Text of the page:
When I do pre-marital counseling with couples, I confront two very different, broken human beings, each with a lifetime of experiences and baggage. That may not sound pleasant, but that’s reality. Often, people enter a marriage expecting the other to meet their needs and, as one actress famously said, “complete.” Needless to say, the expectations are frequently unrealistic.

On the other hand, I remember one couple that asked me to marry them. I knew them both and the extensive challenges each had, yet when we discussed their expectations, I was overjoyed to learn they were modest and honest. Because they entered marriage knowing they would face many difficulties, it’s not surprise to me that many years later they are among the most happily married couples I know.

Jesus did not want to paint a fantasy picture for His followers, past and present. Throughout His ministry, He “raised the bar,” challenged people, told them to count the cost, and even watched many turn away, unwilling to make the necessary sacrifices to be His disciple.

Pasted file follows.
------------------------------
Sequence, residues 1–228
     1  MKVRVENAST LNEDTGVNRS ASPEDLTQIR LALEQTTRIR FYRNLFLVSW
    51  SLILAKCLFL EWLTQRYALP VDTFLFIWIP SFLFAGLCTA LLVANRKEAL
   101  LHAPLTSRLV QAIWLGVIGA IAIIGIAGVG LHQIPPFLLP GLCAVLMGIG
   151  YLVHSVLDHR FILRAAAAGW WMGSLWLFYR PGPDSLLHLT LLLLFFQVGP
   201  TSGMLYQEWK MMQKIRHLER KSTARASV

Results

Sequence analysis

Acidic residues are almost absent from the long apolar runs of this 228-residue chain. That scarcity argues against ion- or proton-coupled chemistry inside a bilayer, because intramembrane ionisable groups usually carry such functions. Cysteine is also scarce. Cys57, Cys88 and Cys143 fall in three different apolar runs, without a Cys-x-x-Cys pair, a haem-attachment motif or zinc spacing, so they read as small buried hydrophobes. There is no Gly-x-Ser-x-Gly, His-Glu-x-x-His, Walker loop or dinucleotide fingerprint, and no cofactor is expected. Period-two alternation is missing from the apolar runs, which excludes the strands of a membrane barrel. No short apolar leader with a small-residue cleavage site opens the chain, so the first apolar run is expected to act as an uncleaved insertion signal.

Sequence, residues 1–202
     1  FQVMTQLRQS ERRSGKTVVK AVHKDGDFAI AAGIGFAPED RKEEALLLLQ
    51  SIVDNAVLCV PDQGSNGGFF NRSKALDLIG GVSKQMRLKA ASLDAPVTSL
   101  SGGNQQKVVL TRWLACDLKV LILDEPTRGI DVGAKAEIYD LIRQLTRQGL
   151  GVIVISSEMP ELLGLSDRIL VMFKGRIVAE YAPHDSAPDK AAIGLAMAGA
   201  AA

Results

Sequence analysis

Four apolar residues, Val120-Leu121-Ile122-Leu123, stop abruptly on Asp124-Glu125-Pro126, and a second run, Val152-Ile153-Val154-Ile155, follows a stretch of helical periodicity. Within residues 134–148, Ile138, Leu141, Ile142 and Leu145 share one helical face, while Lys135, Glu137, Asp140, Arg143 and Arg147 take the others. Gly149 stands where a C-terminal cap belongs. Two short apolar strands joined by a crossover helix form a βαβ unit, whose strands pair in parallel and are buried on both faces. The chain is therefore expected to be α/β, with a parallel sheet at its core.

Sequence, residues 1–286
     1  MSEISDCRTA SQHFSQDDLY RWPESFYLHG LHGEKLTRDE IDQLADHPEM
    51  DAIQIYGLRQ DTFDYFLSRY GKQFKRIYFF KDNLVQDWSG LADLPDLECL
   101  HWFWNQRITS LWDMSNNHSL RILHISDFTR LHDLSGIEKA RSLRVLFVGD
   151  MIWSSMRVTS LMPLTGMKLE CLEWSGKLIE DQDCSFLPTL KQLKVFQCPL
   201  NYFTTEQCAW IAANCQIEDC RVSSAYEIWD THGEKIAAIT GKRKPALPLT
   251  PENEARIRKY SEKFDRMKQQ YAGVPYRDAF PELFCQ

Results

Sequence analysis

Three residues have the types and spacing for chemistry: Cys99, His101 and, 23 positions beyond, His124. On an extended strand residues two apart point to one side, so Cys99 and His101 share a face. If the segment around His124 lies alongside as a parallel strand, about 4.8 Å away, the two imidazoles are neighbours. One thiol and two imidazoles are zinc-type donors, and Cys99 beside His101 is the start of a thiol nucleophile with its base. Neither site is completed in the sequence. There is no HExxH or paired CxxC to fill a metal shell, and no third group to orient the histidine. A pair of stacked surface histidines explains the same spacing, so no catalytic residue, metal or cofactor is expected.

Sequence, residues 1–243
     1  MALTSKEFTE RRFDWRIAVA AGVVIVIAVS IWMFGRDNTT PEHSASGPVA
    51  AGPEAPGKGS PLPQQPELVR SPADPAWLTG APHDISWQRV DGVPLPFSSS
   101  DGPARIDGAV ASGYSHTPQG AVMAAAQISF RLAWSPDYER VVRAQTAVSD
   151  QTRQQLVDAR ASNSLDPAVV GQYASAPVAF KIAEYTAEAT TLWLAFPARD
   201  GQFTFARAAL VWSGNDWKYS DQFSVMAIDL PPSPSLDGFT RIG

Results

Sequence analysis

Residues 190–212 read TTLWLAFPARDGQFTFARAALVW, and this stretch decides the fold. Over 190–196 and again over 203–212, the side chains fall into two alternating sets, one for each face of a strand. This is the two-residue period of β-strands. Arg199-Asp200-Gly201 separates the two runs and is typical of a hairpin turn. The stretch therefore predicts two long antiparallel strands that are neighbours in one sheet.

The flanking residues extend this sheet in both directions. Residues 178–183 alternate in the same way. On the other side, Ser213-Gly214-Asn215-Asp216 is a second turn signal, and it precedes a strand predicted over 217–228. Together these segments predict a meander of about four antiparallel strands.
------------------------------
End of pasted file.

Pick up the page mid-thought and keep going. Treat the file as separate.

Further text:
When Jesus said Christians would be hated, He meant it. He didn’t say following Him would make us happy. He didn’t promise “best life now.” He never promised us a rose garden, a castle, or a Mercedes. Contrary to the message of a whole movement of so-called Christianity, it’s not about us. Jesus said it’s about His glory. He would die, and we would, too.

In this passage, Jesus contrasts following the world versus following Him. Like a man with one foot on a pier and the other on a boat about to drift away, we must make a choice. We can’t have it both ways.

Are you a follower of the world or a follower of Jesus?

We all know the right answer on Sunday morning, but tomorrow is the test. Will you go into debt like everyone else or save and give generously? Will you join the water cooler gossip or be a champion for the underdog and outcast? Will you tell that so-called “little white lie” or tell the whole truth and nothing but the truth? Will you fill your mind with the Word of God and devote yourselves to prayer or allow yourself to be entertained by the TV and Facebook?

Are you a follower of the world or a follower of Jesus?